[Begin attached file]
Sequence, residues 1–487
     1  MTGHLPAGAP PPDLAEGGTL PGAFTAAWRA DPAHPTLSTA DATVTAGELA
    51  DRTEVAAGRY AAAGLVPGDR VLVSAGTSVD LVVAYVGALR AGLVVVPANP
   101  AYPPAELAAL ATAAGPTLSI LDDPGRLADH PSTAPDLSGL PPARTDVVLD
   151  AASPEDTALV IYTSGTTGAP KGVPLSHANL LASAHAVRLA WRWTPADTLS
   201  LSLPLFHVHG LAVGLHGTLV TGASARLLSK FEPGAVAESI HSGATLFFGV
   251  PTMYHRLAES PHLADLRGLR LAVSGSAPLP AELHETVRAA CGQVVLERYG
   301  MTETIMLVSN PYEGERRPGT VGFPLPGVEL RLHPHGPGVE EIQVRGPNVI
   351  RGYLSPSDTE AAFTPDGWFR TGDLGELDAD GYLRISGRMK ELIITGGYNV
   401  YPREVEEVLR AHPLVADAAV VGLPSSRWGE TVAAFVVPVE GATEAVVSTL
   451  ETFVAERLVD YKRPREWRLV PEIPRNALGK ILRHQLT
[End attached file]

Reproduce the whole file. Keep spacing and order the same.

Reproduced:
Sequence, residues 1–487
     1  MTGHLPAGAP PPDLAEGGTL PGAFTAAWRA DPAHPTLSTA DATVTAGELA
    51  DRTEVAAGRY AAAGLVPGDR VLVSAGTSVD LVVAYVGALR AGLVVVPANP
   101  AYPPAELAAL ATAAGPTLSI LDDPGRLADH PSTAPDLSGL PPARTDVVLD
   151  AASPEDTALV IYTSGTTGAP KGVPLSHANL LASAHAVRLA WRWTPADTLS
   201  LSLPLFHVHG LAVGLHGTLV TGASARLLSK FEPGAVAESI HSGATLFFGV
   251  PTMYHRLAES PHLADLRGLR LAVSGSAPLP AELHETVRAA CGQVVLERYG
   301  MTETIMLVSN PYEGERRPGT VGFPLPGVEL RLHPHGPGVE EIQVRGPNVI
   351  RGYLSPSDTE AAFTPDGWFR TGDLGELDAD GYLRISGRMK ELIITGGYNV
   401  YPREVEEVLR AHPLVADAAV VGLPSSRWGE TVAAFVVPVE GATEAVVSTL
   451  ETFVAERLVD YKRPREWRLV PEIPRNALGK ILRHQLT